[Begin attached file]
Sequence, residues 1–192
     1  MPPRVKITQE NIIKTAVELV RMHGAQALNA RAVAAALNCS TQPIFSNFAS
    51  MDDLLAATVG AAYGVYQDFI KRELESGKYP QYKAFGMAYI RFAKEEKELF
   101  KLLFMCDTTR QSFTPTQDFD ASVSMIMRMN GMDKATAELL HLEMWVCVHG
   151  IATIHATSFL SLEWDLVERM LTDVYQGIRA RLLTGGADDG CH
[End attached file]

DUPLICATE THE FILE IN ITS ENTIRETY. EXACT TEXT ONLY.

Sequence, residues 1–192
     1  MPPRVKITQE NIIKTAVELV RMHGAQALNA RAVAAALNCS TQPIFSNFAS
    51  MDDLLAATVG AAYGVYQDFI KRELESGKYP QYKAFGMAYI RFAKEEKELF
   101  KLLFMCDTTR QSFTPTQDFD ASVSMIMRMN GMDKATAELL HLEMWVCVHG
   151  IATIHATSFL SLEWDLVERM LTDVYQGIRA RLLTGGADDG CH